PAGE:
Globally, low- and middle-income countries (LMICs) such as Nigeria account for more than 90% of child and youth suicides in addition to more than 75% of all suicide-related deaths . Therefore, the World Health Organization has identified the different dimensions of suicidality as a major public health concern in LMICs . Sadly, the contribution of suicide to the global burden of disease is projected to be increased over the next decades, especially in those countries . This is because mental health services and treatments, especially among the youth population, are grossly inadequate and those that are available in LMICs are poorly organized and executed .
Suicidal behaviors refer to a spectrum that ranges from the concept of suicidal ideation (thinking about killing oneself), to planning suicide, to attempting suicide, and the act of completed suicide itself . The major factors associated with suicidal behaviors among the young adult populations include female gender, psychoactive substance use, mental disorders, poor social support in terms of weak family and peer relationships ,,. Suicide-related behaviors are closely linked to mental disorders such as depression and anxiety ,. Among the young adult populations, the presence of obvious depression and anxiety symptoms can increase the risk of suicide by more than 70% . Anxiety disorders are found in 3%–17% of young adults with obvious suicidal behaviors . Young adults who use psychoactive substances such as opioids, stimulants, or inhalants are likely to report suicidal ideations and are three times more likely to have made a previous suicidal attempt . Moreover, lower self-esteem and poorer satisfaction with life have been observed among young adults with suicidal behaviors ,.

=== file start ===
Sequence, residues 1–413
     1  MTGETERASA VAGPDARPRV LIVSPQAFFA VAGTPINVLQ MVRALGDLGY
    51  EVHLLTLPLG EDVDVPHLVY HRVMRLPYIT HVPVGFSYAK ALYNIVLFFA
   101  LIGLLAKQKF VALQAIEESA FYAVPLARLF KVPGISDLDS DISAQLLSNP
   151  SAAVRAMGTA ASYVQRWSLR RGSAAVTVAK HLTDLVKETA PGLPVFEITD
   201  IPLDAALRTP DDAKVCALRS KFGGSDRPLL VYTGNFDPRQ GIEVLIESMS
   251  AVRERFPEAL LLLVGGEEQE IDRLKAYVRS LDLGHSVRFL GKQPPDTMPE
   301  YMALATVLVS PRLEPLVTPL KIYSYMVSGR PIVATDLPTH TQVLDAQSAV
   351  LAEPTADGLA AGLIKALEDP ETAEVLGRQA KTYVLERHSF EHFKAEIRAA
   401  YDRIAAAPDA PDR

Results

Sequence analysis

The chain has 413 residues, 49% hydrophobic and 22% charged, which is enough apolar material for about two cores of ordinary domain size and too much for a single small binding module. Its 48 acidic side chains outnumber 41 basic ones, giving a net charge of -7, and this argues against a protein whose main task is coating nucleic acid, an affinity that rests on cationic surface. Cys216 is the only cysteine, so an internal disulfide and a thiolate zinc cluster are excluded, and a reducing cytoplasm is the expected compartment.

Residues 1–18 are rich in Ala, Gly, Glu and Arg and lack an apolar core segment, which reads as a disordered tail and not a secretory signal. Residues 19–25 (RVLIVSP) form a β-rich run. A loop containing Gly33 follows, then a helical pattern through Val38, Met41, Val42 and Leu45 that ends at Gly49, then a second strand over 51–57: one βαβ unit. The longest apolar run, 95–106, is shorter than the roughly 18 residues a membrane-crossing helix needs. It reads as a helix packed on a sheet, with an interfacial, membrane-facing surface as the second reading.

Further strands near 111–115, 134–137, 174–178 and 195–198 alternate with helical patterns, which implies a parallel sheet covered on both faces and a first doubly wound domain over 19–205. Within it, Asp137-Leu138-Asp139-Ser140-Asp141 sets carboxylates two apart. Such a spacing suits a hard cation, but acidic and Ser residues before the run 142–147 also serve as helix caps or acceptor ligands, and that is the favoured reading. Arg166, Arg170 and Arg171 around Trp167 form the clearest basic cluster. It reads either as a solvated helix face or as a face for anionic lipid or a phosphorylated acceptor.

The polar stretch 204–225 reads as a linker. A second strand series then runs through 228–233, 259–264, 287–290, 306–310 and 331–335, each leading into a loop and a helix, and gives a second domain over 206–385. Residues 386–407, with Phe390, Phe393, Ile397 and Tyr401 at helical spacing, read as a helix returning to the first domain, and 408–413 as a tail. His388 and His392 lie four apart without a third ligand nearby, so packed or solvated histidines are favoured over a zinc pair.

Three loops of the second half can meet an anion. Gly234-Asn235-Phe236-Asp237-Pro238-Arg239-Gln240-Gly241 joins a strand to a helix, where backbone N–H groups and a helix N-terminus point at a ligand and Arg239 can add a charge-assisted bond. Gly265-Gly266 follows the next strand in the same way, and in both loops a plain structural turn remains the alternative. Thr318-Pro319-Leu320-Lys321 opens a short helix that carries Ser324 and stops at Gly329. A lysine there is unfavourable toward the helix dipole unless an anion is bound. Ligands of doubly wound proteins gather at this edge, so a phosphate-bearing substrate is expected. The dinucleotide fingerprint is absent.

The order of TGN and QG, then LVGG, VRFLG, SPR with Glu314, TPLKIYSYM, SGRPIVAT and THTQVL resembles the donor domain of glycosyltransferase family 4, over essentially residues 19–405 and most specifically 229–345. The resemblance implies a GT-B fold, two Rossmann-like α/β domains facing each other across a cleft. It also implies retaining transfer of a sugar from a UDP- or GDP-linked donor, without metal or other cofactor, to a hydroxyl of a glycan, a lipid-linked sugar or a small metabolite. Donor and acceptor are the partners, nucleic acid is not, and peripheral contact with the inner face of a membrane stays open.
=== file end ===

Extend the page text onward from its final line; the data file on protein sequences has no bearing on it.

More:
Suicidal behaviors have been recently reported to be prevalent among the young adult populations . Globally, suicide is the second leading cause of death among those aged 15–29 years . In most African countries, the rate and factors associated with suicide-related behaviors among the young adult population are generally unknown because of paucity of research ,. Among the studies conducted in four African countries, suicidal behaviors are relatively common but also vary across countries . The prevalence of suicidal ideation in the young adult population has been 19.6%, 23.1%, 27.9%, and 31.9% in Uganda, Botswana, Kenya, and Zambia, respectively . In Tunisia, the prevalence of suicidal ideations and attempts among the young adult population has been reported to be 26.9% and 7.3%, respectively . But those young adult suicide rates may be underestimated .